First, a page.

The man in charge – Major Howard

Major John Howard is known as one of the most able and successful leaders of the Second World War after what he achieved on the 6th June 1944.

PictureThe eldest of nine children, John Howard was born into a working class family, his father having served in the trenches during the First World War.
​After finding himself jobless in 1932, he enlisted in the British Army aged 19. He became a member of the King’s Shropshire Light Infantry and was soon found to be gifted in his physical training and academic exams. Shortly after, he applied to become a commissioned officer, his request denied, he was instead promoted to the rank of Corporal.
​After completing his six year enlistment period in the British Army, he was discharged, before he joined the police force in Oxford. A year later, in 1939, he married Joy, who he would go on to have two children with.
​Three months after the outbreak of war, in December 1939, Howard re-enlisted in the British Army, resuming with his rank of Corporal. Again in the King’s Shropshire Light Infantry, Howard found himself promoted to Company Sergeant Major in just five months, an indication of his ability as a soldier.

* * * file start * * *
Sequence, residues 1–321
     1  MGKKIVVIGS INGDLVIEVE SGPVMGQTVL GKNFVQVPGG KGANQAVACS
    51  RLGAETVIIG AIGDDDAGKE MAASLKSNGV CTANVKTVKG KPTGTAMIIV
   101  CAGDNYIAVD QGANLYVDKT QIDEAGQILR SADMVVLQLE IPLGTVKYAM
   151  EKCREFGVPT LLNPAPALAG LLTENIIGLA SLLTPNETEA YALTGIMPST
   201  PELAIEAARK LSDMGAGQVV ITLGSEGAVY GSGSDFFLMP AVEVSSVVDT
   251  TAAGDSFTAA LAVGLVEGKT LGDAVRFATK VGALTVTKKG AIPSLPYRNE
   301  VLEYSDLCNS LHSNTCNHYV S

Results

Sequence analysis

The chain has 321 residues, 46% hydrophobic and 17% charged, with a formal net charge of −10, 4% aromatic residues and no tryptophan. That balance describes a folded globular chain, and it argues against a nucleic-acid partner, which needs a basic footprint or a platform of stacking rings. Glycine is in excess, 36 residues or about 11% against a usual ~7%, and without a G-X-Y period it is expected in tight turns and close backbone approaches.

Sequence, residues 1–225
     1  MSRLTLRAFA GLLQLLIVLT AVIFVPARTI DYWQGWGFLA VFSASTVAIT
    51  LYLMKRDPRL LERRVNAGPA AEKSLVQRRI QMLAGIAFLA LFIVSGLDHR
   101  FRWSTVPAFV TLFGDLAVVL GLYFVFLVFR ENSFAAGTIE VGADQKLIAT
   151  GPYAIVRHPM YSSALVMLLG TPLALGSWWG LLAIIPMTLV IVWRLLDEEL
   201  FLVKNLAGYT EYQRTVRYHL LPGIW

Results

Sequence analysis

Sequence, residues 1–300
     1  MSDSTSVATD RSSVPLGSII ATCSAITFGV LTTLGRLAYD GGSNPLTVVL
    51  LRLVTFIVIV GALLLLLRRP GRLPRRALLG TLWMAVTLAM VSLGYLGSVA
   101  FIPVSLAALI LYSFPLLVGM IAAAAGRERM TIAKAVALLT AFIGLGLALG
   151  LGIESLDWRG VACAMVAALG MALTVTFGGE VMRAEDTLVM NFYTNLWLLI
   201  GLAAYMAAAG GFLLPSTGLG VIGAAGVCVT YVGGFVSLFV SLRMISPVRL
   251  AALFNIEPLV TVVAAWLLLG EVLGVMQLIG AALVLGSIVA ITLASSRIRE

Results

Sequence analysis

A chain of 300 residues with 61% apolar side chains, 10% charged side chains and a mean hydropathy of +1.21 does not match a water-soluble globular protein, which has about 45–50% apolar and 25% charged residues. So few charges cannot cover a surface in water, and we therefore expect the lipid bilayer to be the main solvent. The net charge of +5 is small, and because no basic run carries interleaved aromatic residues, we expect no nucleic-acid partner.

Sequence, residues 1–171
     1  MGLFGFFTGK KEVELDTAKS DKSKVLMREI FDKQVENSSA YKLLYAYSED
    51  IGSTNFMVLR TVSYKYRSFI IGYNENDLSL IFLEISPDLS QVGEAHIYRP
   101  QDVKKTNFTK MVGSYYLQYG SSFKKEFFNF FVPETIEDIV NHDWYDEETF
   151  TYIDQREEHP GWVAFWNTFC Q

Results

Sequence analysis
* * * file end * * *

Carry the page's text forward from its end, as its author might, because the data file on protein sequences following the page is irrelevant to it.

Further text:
​Howard was finally offered an opportunity to attend officer training, which he took, graduating in 1940, being commissioned as a Second Lieutenant in 2nd Battalion of the Oxford and Buckinghamshire Light Infantry. He held the rank of Captain shortly after, for around twelve months.
​Howard volunteered for the airborne arm of the 2nd Battalion of the Ox and Bucks, and in doing so took a voluntary demotion back to a Lieutenant, commanding a platoon instead of a company.


 

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Statue commemorating Major John Howard, DSO, in France

 

​In May 1942 he became a Major, commanding D Company of the 2nd Battalion of the Oxford and Buckinghamshire Light Infantry.
​In doing so, Howard became solely responsible for the training of the men, which would ultimately lead to the invasion of Normandy and the capture of the bridges at Ranville and Benouville.
​After D-Day, Howard set about retraining his men, in the hope of redeployment, however in November 1944, Howard was involved in a car accident which meant he was hospitalised for the remainder of the war. Consequently, he was not involved in the 6th Airborne’s later engagements, including the Battle of the Bulge.
​After being invalided out of the army, Howard became a civil servant. After retirement in the 1970s, Howard became known for revisiting Benouville every year to lay a wreath for the men he had lost during Operation Deadstick.
​Major John Howard died in 1999, aged 86, having been awarded the Croix de Guerre and the Distinguished Service Order.

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